The sound of someone playing a bongo drum came in through our open window. “Maybe it’s Walter,” Pieter, one of my English-language students, teased. We all crowded around the second-story window, looking down at the pedestrian path of Mother Teresa Boulevard in the center of Pristina, Kosovo’s capital city. I was teaching English, living in Kosovo that fall of 2010, my third stay in the country. I’d just shown my advanced class the movie “The Visitor,” in which Richard Jenkins plays Walter, an isolated, grieving widower whose life is upended upon meeting, and subsequently living with two illegal immigrants in New York City: Tarek, a musician from Syria, and Zainab, an artisan selling her jewelry at a street market. I assigned homework for my students to write a few paragraphs in English about the theme, about what they took away from the movie.
“As I saw and understood this movie I think it helps people to re-open their eyes because sometimes it is difference [sic] between things we see and things that really happen,” wrote Besim, a man in his mid-20s, who had grown up in Kosovo, who had known what it was to be a refugee.
In fact, it was rare to meet a Kosovar who did not flee from home during the war with Serbia in the late 90s. On my first visit to Kosovo in 2003, traveling in the role of writers with a team of documentary filmmakers, I met Lulzim, a young artist, writer, and filmmaker. In his pocket was a photo he had taken in 1999, having packed into a bag those possessions he could carry on the road out of town, the click of his camera capturing the last image he had of his house: a plume of smoke rising from the burning homes of his neighborhood.
Collecting stories, we spoke with many people through our translator, a boy in his late teens, who spoke at least 4 languages by the time he was 17. Sitting in his family’s living room, he listened carefully to Habib, his father. He translated word for word stories he must have heard a dozen times: his dad’s memories of running an underground school for kids whose families couldn’t afford books or supplies, of sharing one pair of shoes with his son, taking turns so they could each leave the house. Habib told of the time the Serbian troops began clearing out their city, how he wasn’t feeling well and had instructed his family to leave him on the road if he couldn’t go far. Our translator shook his head, unable to imagine fleeing home without his father. Habib finished the journey to the refugee camp with his wife and sons.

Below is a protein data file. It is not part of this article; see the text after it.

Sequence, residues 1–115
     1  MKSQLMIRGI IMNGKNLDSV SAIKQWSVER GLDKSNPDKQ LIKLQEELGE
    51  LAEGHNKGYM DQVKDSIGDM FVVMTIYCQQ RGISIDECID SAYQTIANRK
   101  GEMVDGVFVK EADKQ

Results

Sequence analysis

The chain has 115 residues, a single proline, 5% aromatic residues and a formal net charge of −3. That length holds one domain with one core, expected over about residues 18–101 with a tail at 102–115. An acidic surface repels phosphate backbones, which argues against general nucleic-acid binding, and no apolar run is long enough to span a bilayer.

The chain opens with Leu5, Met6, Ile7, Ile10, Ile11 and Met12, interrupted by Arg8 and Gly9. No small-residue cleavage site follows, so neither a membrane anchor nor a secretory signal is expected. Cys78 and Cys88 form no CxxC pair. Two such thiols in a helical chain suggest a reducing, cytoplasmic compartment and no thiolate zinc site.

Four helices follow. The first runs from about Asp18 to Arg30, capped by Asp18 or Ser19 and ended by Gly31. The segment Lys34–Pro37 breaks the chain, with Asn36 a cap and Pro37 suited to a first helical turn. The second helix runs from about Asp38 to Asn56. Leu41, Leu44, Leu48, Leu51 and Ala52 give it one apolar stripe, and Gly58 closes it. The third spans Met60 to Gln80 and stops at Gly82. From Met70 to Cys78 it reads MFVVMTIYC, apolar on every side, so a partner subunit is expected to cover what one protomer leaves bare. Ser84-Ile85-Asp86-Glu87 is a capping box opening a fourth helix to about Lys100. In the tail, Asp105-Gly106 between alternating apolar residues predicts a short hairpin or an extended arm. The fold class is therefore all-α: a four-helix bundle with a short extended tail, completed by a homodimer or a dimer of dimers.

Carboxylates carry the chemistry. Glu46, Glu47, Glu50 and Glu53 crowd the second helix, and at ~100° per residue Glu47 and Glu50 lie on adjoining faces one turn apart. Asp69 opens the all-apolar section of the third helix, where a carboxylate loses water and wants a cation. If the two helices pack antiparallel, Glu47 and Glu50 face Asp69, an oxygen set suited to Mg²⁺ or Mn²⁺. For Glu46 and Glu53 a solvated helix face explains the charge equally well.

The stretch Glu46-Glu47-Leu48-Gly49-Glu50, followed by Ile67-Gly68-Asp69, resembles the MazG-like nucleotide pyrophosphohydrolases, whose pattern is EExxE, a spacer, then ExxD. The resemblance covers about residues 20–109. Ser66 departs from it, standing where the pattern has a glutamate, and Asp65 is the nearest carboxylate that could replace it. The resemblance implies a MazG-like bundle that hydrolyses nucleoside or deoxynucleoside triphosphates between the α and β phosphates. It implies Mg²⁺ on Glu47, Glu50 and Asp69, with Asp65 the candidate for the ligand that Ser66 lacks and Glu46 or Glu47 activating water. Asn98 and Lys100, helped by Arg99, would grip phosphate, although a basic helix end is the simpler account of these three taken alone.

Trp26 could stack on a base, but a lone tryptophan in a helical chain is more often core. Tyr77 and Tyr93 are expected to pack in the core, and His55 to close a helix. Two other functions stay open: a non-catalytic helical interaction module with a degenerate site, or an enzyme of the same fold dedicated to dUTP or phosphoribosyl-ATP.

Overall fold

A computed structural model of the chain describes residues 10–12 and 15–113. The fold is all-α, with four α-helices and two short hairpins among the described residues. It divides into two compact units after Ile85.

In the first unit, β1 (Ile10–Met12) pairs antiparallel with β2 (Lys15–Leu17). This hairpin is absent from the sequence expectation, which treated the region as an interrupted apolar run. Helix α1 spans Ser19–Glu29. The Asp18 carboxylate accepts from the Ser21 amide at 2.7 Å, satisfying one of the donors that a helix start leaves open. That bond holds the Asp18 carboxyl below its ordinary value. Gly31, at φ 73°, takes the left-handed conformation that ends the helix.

In another family room in a village outside the city, we sat on long cushions that lined the small, square space, faded colorful rugs covering the cement floor. The family patriarch and his neighbors welcomed us with stories, while his wife and daughters hunched before us, offering us trays filled with small bowls of pretzels, nuts, cookies, followed by cups of caj, strong black tea served in delicate, hourglass shaped glasses, a small wedge of lemon and a tiny spoon resting on the saucer for us to stir in the copious amounts of sugar added to each glass.
So warmly welcomed, I asked about the hospitality Kosovo is famous for. As Noel Malcom references in Kosovo: A Short History, “there are stories of Albanians sacrificing their lives to protect a perfect stranger who had taken shelter with them for one night.” In response, our host told us a story.
During the war between the KLA (Kosovo Liberation Army) and the Serbian forces, both military and paramilitary, entire Albanian villages were forced from their homes. The refugees would move on to the next village, where the people would welcome them into their homes, knowing that at any moment, they all might be homeless, relying on the kindness of their neighbors. In that sense the phrase “feel free to come and go in my home as you wish,” (the Albanian version of “mi casa es su casa,”) took on greater and more immediate meaning, the tradition of hospitality now a necessity. He indicated the floor space of the room in which we sat, and said sometimes one hundred people would stay in his house – forty of fifty packed tightly on the floor to sleep.
Later that month, I played the host, making caj on the wood-burning stove at the house of my American friend, who was entertaining our documentary team during our stay. We perched on her Western furniture, drinking tea with Ardian and his wife and their beautiful, plump, rosy-cheeked baby.
Ardian leaned back into the soft sofa, in a place of safety, to recall the time he was chased from his home. He, his little sister, mother and father had had just enough warning to pack their small Yugo to flee their home. In the rush, Ardian’s father brusquely told his daughter that she could not fit her favorite doll into the trunk, and she would have to leave it behind. As their father turned away, Ardian stuffed the doll into his sister’s bag, barely managing to zip it closed. They closed the trunk on all their possessions that would fit, and drove away from their home.